Enseigner et pratiquer la fusion à travers des jeux

Happy Sunday!

My aim was to talk about Texte dictée today, but… of course, I forgot to take pictures of them at school this week! So, they will have to wait for next week. Instead, I want to talk to you about how I teach my students blending – la fusion – or, how to “sound out” words. This strategy corresponds to the “serpent”, if you use my animal reading strategies.

We all know that being able to sound out/decode words is key to being able to read. While it is not the first strategy I teach, it is definitely an important one, and you may find that many of your kinders are ready for it at this point in the year. The big question is, how can you teach decoding in a fun, effective way?

Decoding can be stressful for kinders to practice only when they are reading books. There are so many other things going on in their brains while they are reading! I find it works best to isolate the strategy and practice it using games. That way, my students already know that they can do it, and don’t hesitate to give it a try in context. I can also control which letters and how many letters they are trying to blend at a time, and can adjust depending on their level of ability. By practicing in a relaxed, fun environment, my students don’t always even realize that they are practicing something that is actually pretty tricky!

Read on to see a few of my favourite games and activities to do with my kinders who are ready to practice blending.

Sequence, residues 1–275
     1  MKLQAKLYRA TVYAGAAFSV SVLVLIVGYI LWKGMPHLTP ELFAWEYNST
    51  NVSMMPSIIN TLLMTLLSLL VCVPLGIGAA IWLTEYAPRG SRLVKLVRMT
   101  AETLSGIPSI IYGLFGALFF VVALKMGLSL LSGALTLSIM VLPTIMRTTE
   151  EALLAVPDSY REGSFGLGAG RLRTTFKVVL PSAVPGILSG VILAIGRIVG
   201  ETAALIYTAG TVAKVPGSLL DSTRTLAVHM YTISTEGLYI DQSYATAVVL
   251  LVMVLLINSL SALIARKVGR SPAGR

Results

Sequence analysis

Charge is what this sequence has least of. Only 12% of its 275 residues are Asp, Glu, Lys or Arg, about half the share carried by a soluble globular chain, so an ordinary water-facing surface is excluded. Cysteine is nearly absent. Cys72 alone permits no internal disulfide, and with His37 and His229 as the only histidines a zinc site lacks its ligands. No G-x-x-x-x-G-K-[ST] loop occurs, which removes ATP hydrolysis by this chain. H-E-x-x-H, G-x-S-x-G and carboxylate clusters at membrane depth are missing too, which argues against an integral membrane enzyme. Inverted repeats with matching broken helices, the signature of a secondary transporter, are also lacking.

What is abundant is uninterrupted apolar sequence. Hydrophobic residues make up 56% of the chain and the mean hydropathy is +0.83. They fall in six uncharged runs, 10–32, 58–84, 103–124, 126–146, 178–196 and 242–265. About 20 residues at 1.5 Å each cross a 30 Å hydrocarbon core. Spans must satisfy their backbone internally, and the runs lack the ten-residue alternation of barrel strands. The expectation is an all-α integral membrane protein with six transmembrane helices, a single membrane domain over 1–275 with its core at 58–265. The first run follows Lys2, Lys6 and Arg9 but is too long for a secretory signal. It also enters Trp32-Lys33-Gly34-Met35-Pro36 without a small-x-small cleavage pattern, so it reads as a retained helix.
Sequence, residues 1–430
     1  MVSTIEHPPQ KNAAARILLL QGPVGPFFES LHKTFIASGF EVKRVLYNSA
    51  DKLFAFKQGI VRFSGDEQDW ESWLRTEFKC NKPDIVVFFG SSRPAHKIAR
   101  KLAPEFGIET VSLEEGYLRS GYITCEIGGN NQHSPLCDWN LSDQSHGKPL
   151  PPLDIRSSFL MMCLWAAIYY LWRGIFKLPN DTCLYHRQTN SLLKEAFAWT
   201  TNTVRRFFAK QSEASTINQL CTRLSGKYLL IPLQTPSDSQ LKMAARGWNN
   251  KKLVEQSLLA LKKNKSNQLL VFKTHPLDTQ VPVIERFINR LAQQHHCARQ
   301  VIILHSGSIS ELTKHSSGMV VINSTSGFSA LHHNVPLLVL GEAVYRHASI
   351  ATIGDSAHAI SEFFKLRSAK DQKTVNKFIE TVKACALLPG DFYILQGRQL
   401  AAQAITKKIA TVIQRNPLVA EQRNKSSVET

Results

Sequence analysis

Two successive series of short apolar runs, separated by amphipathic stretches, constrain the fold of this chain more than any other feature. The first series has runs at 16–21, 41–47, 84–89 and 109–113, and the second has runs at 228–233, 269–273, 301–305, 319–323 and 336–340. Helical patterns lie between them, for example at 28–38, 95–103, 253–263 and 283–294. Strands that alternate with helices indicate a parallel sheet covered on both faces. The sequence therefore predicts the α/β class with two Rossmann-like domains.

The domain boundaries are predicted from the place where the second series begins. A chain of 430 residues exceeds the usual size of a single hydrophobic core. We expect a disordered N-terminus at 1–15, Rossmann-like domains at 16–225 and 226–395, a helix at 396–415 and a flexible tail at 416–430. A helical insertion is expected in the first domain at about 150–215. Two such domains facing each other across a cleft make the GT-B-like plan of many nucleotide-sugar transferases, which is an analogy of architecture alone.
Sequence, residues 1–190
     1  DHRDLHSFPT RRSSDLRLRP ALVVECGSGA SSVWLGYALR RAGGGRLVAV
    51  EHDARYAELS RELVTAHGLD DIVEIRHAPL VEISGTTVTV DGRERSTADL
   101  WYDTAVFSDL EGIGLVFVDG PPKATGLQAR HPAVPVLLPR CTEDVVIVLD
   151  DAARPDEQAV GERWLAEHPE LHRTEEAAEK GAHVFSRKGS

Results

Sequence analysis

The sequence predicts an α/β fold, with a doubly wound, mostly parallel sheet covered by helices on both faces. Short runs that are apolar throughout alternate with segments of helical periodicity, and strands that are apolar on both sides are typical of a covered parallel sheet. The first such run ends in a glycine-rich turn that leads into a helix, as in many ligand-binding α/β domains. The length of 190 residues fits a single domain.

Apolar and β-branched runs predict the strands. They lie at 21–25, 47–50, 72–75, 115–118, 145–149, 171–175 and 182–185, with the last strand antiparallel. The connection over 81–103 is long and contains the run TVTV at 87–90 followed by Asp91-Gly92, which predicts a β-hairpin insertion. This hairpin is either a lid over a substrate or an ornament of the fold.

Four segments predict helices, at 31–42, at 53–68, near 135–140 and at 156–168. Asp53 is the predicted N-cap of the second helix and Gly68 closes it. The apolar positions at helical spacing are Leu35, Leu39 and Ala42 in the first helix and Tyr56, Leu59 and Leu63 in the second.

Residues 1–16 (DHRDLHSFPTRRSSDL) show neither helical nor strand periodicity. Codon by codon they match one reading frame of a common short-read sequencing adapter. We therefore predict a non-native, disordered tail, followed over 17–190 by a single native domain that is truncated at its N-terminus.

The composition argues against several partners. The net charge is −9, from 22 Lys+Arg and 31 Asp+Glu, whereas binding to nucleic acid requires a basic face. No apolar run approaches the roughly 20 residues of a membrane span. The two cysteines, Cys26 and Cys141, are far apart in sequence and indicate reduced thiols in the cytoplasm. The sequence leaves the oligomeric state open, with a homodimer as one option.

Trying to teach your maternelle students how to blend words (la fusion) to help them learn to read? There are lots of FUN ways to do it! Check out this blog post for a variety of fun games you can play with your French elementary students, and grab a FREE French speed reading blending game!

I like to practice blending using both nonsense words and real words. Nonsense words are fun and silly, and real words are obviously very important, as they are what my students will actually be reading in their books ;)



My students love, love, LOVE speed reading! It is a really simple but really effective activity. All you need is a list of 2-3 letter nonsense words (ma, mi, mu, mo, me, sa, si, se, so, se, etc.). You can just write them on a white board if you want, or prepare them ahead of time. Your students will read the words as fast as they can. If you have a stopwatch, you can time them, and use it to show how they get faster and faster each time they practice!